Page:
May is Mental Health Awareness Month and a recent nationwide survey of the LGBTQ community revealed concerning numbers.
For the past five years, the Trevor Project’s annual survey on the Mental Health of LGBTQ Young People has asked LGBTQ youth, ages 13 to 24, from across the United States about their experiences in the past year. This year’s results from more than 28,000 respondents raise concerns about child and student mental health.
Of those surveyed, 41 percent seriously considered attempting suicide in the past year — and young people who are transgender, nonbinary, and/or people of color reported higher rates than their peers.
Jeneice Shaw, a licensed psychologist and assistance and training director at the Carruth Center for Counseling and Psychological Services at West Virginia University (WVU), said that LGBTQ youth are dealing with additional stressors from a young age.
“Often what you see is that queer students, or queer folks in general, have a lot of extra added stress, because their identities are politicized,” Shaw said. “Especially young queer folks have more to manage in a lot of ways, so they have higher levels of anxiety, higher levels of depression, higher levels of attempted suicide than the cisgender or heterosexual population.”
Shaw said one benefit she’s seen is that younger generations are more open to conversations about mental health, but stigma still persists. One of the survey’s findings was that even though 81 percent of respondents wanted mental health care, only 44 percent were able to access it.
Shaw recognizes that many of the issues impacting LGBTQ people are systemic, and can’t be resolved in a therapy session. But the survey also found that small changes like living and going to school in gender-affirming environments significantly reduced the risk of suicide.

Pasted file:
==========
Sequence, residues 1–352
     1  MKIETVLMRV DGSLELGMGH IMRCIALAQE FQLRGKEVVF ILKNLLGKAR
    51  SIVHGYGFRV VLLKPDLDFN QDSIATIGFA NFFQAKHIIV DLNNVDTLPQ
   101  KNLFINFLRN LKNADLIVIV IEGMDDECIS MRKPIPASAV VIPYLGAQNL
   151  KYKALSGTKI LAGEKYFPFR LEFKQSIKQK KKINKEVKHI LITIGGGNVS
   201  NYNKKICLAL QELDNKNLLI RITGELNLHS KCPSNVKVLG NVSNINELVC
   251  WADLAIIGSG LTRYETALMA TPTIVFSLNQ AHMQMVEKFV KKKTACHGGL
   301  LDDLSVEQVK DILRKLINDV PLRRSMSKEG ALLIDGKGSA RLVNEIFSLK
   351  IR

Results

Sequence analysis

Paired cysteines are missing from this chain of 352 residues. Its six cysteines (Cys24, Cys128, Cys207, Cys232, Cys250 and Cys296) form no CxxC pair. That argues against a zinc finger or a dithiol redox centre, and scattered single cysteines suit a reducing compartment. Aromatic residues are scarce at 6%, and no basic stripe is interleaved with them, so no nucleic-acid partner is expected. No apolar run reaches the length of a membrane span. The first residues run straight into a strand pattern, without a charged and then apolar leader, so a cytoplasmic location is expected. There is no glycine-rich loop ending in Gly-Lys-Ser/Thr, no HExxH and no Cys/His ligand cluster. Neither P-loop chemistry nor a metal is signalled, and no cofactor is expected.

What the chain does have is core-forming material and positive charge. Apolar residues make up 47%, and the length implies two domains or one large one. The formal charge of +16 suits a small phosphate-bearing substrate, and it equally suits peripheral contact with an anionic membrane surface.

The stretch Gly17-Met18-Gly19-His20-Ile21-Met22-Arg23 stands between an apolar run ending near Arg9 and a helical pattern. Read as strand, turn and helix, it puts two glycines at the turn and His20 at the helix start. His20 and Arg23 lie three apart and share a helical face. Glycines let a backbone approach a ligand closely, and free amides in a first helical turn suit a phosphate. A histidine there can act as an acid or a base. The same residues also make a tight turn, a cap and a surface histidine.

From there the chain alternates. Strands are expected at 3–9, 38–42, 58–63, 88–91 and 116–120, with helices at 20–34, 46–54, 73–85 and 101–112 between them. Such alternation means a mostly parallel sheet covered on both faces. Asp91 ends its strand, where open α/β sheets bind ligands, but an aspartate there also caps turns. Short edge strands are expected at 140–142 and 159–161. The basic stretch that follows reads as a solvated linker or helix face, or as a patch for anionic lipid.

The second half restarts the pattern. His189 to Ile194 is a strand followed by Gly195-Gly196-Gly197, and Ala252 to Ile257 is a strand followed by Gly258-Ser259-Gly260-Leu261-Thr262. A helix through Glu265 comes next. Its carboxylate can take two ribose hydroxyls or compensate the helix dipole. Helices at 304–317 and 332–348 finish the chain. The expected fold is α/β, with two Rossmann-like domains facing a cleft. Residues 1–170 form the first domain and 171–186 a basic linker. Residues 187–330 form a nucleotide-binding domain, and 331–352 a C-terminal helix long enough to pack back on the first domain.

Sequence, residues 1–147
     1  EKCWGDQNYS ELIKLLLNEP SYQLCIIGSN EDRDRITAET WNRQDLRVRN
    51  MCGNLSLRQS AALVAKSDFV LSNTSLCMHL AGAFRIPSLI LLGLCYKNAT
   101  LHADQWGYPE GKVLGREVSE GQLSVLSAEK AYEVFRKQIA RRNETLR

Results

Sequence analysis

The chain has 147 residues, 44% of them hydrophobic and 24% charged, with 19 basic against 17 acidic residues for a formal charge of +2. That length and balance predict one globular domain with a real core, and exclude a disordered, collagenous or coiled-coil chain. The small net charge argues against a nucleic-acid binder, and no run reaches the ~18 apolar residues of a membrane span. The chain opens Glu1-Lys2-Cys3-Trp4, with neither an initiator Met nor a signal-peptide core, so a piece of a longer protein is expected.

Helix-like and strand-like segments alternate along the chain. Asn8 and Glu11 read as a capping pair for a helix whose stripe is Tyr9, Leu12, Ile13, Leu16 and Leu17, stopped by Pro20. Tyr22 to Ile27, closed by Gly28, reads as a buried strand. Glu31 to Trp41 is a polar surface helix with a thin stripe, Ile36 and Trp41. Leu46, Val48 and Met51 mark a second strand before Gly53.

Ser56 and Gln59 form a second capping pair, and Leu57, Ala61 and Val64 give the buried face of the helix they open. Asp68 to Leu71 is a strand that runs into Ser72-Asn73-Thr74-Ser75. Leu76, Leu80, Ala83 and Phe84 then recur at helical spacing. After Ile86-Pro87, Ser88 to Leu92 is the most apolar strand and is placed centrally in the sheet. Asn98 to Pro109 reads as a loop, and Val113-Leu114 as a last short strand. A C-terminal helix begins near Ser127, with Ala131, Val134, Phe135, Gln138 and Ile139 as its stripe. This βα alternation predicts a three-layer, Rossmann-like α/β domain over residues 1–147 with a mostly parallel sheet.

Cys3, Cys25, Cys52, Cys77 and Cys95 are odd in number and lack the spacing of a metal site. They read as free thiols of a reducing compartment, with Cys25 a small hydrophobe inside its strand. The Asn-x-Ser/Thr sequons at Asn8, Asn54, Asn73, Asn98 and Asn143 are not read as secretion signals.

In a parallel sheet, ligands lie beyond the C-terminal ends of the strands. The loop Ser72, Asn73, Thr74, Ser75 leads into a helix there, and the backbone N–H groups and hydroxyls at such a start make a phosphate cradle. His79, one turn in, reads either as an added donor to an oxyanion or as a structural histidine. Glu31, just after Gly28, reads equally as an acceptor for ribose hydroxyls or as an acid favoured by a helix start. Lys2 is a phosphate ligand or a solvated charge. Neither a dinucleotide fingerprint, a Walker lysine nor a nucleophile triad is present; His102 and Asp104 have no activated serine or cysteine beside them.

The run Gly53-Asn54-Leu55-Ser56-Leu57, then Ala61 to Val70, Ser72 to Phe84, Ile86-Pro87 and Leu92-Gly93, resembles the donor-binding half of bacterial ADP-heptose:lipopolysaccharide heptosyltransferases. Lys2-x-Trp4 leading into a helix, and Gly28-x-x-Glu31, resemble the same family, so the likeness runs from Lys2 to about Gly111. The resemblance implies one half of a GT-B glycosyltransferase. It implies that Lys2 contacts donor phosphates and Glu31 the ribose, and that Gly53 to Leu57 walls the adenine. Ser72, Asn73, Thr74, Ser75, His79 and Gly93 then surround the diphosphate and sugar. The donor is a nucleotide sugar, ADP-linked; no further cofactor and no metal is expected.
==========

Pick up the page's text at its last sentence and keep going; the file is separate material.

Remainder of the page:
“Broadly, respecting people’s wishes and decisions like having gender neutral bathrooms in schools and spaces that are easily accessible. Not politicizing the health care for trans and non-binary folks, which we see happening a lot,” Shaw said. “I just think there’s a lot of bigger societal pieces that are threatening the existence of trans and non-binary folks, of like, ‘You don’t exist,’ kind of thing, like, ‘This isn’t real.’ And that’s not true.”
Ash Orr works as a press relations manager for a national LGBTQ nonprofit. Locally, he is a board member for Project Rainbow, an organization working to provide housing support for displaced LGBTQ members. He said that housing instability can exacerbate mental health issues.
“Here in West Virginia, we have the highest amount of trans individuals per capita of anywhere else in the country. And housing is already such a sensitive issue for the LGBTQ community, even if you take away the ongoing attacks that are happening to our community,” he said. “Housing is something that is stressful to navigate as a queer, trans person. You have to think about, ‘Is this landlord safe? Are the individuals that I may be neighbors to, are they safe? Will this be a place that I can come out to as being queer or trans while living here?’”